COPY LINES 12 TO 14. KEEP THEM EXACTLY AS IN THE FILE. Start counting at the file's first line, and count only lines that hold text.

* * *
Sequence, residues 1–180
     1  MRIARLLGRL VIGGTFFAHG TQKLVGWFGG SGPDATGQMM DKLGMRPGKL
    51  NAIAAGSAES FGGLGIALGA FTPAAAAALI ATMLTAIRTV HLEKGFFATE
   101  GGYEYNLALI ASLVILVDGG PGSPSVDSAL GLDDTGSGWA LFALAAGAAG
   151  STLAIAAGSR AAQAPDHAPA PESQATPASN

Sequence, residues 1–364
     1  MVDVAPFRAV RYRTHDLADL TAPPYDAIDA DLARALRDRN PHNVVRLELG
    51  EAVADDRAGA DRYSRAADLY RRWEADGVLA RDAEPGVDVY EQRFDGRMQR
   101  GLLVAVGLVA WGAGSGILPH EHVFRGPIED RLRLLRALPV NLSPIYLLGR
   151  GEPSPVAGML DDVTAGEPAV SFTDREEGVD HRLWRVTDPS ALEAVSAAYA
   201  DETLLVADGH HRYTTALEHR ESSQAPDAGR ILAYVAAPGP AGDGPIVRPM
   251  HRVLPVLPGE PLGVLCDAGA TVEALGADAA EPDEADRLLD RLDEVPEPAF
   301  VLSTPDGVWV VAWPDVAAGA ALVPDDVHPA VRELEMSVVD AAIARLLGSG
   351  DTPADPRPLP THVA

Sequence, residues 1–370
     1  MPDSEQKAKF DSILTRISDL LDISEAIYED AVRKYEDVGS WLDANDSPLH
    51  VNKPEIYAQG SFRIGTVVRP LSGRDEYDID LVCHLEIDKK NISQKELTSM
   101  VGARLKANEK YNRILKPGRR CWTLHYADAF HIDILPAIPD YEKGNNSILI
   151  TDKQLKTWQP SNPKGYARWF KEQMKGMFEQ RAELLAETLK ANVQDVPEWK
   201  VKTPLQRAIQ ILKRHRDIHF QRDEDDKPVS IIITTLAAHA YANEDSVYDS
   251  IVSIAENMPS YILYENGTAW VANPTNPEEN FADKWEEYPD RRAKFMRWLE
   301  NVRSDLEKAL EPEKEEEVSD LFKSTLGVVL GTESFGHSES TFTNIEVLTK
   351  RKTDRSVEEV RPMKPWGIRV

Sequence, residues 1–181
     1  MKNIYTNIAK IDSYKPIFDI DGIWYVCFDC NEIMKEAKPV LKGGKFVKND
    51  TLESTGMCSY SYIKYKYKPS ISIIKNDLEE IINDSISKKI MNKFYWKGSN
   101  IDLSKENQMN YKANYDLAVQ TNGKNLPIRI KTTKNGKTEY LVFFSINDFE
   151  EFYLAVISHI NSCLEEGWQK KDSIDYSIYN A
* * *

   251  HRVLPVLPGE PLGVLCDAGA TVEALGADAA EPDEADRLLD RLDEVPEPAF
   301  VLSTPDGVWV VAWPDVAAGA ALVPDDVHPA VRELEMSVVD AAIARLLGSG
   351  DTPADPRPLP THVA